Pharmac has negotiated to purchase another drug for treating and preventing Covid-19.
The government agency confirmed the agreement with pharmaceutical supplier Roche to purchase Ronapreve on Sunday, and said it expected the drug to be in the country by Christmas.
The drug mimics the natural antibodies that the immune system makes to fight the disease. It belongs to the class of medicines called monoclonal antibodies, or mAbs.
Also known as Regeneron (the name of the company that developed it with Roche) and REGEN-COV, it was used to treat former US president Donald Trump when he contracted Covid-19 last year.
Health Minister Andrew Little said it will help treat people with medium-to-severe Covid-19, especially those with compromised immune systems.
He said it reduces the severity of the virus and makes it less likely patients will pass it on to other people.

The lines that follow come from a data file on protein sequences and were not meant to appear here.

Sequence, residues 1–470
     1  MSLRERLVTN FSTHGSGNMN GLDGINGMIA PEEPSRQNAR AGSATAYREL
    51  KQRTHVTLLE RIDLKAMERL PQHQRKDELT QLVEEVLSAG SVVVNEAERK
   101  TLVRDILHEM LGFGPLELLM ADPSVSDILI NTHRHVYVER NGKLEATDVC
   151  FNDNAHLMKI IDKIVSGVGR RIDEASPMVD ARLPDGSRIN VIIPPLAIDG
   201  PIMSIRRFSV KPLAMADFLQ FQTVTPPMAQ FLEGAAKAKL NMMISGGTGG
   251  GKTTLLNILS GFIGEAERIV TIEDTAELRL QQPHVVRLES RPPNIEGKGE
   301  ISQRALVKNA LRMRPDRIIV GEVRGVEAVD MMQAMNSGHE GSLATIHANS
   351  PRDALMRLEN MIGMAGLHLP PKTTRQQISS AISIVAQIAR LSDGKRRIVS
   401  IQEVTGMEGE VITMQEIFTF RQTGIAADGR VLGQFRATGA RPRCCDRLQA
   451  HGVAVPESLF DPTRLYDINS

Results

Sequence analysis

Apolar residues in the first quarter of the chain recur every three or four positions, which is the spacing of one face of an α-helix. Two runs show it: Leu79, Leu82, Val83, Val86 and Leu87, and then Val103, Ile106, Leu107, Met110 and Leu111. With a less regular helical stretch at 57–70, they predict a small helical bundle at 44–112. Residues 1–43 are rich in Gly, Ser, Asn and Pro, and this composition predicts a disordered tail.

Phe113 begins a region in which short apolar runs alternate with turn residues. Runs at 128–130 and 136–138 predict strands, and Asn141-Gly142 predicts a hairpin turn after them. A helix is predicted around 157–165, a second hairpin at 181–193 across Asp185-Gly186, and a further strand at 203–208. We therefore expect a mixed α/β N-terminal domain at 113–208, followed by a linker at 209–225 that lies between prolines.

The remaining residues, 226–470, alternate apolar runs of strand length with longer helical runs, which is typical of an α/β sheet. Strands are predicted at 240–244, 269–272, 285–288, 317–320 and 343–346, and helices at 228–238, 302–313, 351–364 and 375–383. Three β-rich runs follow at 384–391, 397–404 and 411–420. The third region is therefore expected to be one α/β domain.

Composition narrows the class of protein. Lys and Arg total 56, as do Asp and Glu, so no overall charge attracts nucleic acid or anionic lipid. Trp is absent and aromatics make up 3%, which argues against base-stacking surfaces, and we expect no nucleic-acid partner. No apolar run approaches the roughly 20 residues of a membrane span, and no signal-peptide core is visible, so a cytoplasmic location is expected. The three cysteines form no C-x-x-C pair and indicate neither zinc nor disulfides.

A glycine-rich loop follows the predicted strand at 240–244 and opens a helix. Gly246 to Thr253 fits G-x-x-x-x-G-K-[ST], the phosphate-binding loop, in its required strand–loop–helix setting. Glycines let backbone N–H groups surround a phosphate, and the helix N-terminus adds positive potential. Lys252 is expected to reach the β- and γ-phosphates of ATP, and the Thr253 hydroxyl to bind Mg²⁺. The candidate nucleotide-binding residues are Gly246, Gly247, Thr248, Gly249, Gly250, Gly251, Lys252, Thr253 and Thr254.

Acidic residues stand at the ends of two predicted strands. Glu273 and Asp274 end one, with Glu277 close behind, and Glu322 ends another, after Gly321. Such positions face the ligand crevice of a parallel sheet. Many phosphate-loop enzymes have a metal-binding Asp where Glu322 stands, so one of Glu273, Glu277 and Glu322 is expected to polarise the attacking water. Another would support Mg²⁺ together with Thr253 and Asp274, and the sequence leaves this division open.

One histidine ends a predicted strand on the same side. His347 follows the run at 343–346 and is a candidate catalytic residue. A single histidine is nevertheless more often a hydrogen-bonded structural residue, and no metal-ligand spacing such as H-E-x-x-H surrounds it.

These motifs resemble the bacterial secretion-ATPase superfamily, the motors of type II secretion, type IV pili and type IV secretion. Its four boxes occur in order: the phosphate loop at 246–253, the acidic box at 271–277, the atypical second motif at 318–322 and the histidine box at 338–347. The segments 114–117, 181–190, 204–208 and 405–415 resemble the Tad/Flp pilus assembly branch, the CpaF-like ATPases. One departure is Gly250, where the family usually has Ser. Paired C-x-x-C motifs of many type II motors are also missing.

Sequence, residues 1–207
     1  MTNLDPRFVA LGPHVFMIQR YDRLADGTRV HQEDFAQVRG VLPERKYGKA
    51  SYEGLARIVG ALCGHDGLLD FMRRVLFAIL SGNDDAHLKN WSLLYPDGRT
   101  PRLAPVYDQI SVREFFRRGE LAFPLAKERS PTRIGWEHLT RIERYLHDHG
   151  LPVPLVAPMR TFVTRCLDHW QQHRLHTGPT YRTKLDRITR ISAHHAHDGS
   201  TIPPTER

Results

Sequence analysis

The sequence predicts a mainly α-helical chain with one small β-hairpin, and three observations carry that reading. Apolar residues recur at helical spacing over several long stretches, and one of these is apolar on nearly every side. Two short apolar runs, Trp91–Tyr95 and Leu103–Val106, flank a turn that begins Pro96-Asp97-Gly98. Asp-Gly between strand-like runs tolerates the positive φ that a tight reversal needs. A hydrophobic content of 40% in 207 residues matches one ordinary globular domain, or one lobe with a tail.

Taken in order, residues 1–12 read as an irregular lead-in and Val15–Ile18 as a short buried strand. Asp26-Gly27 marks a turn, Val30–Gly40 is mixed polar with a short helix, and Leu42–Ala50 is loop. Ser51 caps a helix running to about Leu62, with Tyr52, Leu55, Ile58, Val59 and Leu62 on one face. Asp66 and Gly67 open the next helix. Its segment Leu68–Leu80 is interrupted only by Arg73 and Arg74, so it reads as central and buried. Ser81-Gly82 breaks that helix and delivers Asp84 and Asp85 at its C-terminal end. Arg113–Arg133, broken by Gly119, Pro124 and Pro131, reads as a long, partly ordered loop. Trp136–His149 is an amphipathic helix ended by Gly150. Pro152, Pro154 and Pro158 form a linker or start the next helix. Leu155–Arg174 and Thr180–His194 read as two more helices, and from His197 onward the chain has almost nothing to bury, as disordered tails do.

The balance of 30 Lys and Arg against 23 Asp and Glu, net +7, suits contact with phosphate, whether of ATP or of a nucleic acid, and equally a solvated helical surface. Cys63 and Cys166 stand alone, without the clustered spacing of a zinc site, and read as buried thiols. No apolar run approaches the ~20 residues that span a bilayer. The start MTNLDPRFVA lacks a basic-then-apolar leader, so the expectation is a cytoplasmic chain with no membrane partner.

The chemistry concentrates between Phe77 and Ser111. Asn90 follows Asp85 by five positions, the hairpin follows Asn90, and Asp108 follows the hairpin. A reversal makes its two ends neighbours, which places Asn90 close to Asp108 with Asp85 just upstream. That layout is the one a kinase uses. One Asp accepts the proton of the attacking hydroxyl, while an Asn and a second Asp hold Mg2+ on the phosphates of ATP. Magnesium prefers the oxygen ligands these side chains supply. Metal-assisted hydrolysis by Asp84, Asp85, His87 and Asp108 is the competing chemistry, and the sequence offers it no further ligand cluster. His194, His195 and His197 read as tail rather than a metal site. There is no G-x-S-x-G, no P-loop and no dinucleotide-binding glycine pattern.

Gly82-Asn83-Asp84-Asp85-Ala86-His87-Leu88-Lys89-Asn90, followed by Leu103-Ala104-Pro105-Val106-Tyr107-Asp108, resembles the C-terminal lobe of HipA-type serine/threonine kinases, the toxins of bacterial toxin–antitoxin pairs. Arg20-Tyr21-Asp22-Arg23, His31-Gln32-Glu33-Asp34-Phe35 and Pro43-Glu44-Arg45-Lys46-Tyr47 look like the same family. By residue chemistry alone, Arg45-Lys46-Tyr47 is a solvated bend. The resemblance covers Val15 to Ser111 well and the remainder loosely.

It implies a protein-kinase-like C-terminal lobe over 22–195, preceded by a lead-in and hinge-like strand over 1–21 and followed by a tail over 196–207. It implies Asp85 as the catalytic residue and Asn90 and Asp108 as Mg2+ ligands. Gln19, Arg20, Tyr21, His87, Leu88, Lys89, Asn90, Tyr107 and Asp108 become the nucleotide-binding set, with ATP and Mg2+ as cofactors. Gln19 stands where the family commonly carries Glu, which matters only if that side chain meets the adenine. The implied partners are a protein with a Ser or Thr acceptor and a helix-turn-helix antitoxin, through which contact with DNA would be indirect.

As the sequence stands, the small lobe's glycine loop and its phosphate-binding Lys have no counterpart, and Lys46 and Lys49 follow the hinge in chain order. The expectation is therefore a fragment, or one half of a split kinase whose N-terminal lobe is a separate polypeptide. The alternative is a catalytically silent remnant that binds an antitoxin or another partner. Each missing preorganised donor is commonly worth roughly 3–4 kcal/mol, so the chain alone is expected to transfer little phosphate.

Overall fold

Pharmac chief executive Sarah Fitt said getting vaccinated was by far the best line of defence against Covid-19. But: "It's good to know New Zealand will have another treatment available for those who do become unwell".
Ronapreve can be given to contacts of known cases, or used in the early asymptomatic stages of the illness, to prevent those who are especially vulnerable to Covid-19 becoming more unwell. This could potentially keep them out of hospital, Fitt said.
And, "it can actually be used in very sick patients in hospital intensive care."
"The unprecedented nature of the pandemic, and the ongoing health risks posed by Covid-19, means Pharmac is continuing to seek out other treatments to be used to help those with Covid-19.
"To fund these other treatments, we're using a dedicated budget allocated by Government to make sure New Zealand can access new Covid-19 medicines."
Medsafe is currently assessing Ronapreve.